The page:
Just a day after endorsing Democratic presidential candidate Barrack Obama, former US Secretary of State Colin Powell has been criticized for not agreeing with GW Bush’s decision to remove Iraqi forces from Kuwait militarily.
Reasons.com, an online publication calling itself a platform for free minds and free markets, takes a swipe at Colin Powell for his criticism of the Iraqi war and for his failure in mobilizing international support for a UN-backed resolution in favour of attacking Iraq.
“When he was Chairman of the Joint Chiefs of Staff he opposed George H.W. Bush’s decision to remove Iraqi forces from Kuwait militarily, even though the decision was ultimately a sound one. At the end of his term as chairman he advocated a disastrous U.S. operation in Somalia, contradicting his own near unworkable conditions for overseas intervention, the so-called “Powell Doctrine.”
But that seem to be besides the point. The major criticism seems to be caused by Powell’s last minute endorsement, which many feel has only come because the outcome is certain.
With $150 million from his September fundraising, a sure victory should be in sight.
It’s been a heated season for democratic presidential Barrack Obama and his rival John McCain. News that Barrack Obama has raised $150 million from his supporters has raffled feathers in the political establishment.
I am happy Barrack Obama had a fantastic September, with a record amount from his supporters. There is nothing in life as refreshing as seeing the man or candidate of one’s choice ding so well.
That Obama fever has swallowed Kenya, with a Member of Parliament saying that an airport should be ready by 2010, just in case he intends to visit when he becomes US president.
I mean, Obama is just amazing and charming, isn’t he? His controlled temperament has become the subject of press discussion and coverage.
Who, asks CNN, is better prepared to control his temper when voted president? Obama’s cool character and humour is being sighted as one attribute that fits into the jobs demands.
October 24, 2008: Zambia Turns 44….Let’s Celebrate!!!!
Good luck and happy Independence Day on October 24 when Zambia turns 44.
What have the youths achieved? Has the government kept any promises to the youths? You judge.
All I can say is that the Citizens’ Economic Empowerment Commission needs to refocus its objectives. We hear commercial banks, even those that are not small business friendly, have been chosen to disburse funds to eligible citizens.
The criteria, despite several claims of fairness and uniformity, still goes back to the usual bureaucracy that Zambians experience in banks everyday.
Recent reports that Iceland’s Glitnir Bank has been taken over by is testimony of the fact that, with globalization, not all of it is pro-growth.
Sometimes it can mean chaos for its players. The Icelanders are now locked in bitter relations with the Gordon Brown government after the British government seemed to be moving towards freezing assets of Icelandic companies.
As that was going on, a bitter feud between Wells Fargo and Citigroup ended with Wells Fargo taking over Wachovia, a troubled industry mate.
In a row that has been running from last week, Vikram Pandit, Citigroup’s boss, has been keen to make a breakthrough in acquiring branches of ailing Wachovia, giving his bank greater access to the latter’s retail banking customers. That dream now seems shattered.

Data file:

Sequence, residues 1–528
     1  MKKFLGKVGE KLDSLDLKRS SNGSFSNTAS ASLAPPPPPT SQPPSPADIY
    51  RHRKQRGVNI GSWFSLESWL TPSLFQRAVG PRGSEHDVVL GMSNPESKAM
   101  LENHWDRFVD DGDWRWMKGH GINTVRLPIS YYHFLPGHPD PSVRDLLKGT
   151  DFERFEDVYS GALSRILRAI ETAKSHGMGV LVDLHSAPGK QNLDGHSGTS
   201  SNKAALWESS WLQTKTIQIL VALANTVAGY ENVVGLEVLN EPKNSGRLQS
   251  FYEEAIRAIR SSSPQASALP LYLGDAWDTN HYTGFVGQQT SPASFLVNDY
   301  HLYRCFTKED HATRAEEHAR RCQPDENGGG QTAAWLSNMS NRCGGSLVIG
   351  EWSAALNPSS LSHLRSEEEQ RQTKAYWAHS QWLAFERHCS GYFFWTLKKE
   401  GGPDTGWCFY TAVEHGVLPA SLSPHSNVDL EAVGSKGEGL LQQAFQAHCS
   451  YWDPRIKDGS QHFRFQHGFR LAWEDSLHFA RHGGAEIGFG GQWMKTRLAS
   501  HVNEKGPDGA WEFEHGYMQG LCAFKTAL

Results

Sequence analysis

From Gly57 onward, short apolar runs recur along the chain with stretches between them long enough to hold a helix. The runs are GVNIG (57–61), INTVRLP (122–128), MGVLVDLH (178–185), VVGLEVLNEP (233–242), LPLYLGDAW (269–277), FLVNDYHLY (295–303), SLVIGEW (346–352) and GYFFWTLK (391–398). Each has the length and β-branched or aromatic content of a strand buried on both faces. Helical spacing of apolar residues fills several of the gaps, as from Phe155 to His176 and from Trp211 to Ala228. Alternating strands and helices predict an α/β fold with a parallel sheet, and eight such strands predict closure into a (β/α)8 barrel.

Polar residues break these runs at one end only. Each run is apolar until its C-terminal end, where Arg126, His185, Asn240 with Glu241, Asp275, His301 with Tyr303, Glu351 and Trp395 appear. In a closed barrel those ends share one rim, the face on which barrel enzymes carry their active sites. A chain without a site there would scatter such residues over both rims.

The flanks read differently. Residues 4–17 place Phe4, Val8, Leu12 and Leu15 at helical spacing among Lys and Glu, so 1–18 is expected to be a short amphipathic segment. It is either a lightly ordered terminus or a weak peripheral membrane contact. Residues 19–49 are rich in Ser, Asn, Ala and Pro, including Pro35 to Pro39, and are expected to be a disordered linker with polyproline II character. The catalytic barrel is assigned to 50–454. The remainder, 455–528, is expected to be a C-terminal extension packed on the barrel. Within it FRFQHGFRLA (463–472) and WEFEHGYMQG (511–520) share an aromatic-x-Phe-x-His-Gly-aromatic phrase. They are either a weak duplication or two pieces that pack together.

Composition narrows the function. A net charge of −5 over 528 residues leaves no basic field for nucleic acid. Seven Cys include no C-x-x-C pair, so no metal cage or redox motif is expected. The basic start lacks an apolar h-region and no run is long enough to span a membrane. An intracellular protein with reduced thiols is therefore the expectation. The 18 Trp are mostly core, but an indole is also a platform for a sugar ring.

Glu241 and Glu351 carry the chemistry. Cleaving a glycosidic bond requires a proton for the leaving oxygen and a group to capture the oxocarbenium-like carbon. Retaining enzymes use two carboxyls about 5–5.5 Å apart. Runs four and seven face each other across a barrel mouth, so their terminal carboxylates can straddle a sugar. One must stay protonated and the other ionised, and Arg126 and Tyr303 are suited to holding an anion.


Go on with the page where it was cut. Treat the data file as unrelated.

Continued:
Despite rumours of a looming $60 billion lawsuit, it seems Citigroup will end up dropping the suit against Wachovia, considering that Citigroup’s bid would have been effective only with the backing of the Federal Deposit Insurance Corporation.
With the public angry that banks are getting federal support to finance losses, Wells Fargo ability to secure the Wachovia deal seems to have been the best available option ever. Together, Wells Fargo and Wachovia will have $1.42 trillion in assets, 48 million customers and 280,000 employees.
As US Congress reached an agreement over a $700 billion dollar financing package, European governments rushed in to avert a crisis, injecting billions of dollars into the banking sector.
Iceland agreed to buy a 75 per cent stake in Glitnir Bank hf at a cost of 600 million euros. The European Central Bank extended a special facility for banks to access additional through ‘special’ auctions.
In the UK, the growing anxiety in financial markets stability was reflected in the government’s acquisition of the biggest lender to landlords, Bradford & Bingley Plc.
This is an indication of the volatility of the world’s financial market, despite what is seen as a globalised international trading system.
Mamoun Tazi, an analyst at MF Global Securities Ltd. in London, says a precarious global environment means the weakest links in Europe are now falling. He cautioned that if banks continued lending to each other, failures would continue.
Despite a heavy campaign schedule and accusations that his party bribed New Revolution Party members to endorse his candidacy, there is relief for acting president Rupiah Banda.
A High Court judge has ruled that “The Post” newspaper can no longer carry libelous articles about the MMD’s presidential candidate. The Post newspaper has hitherto enjoyed unrivalled privilege in describing the acting president with all possible words under the sun.
In one instance, he’s been called a Judas Iscariot, a liar, a man unfit to run the country.
The ruling is a complete departure from the everyday attacks he’s been subjected to
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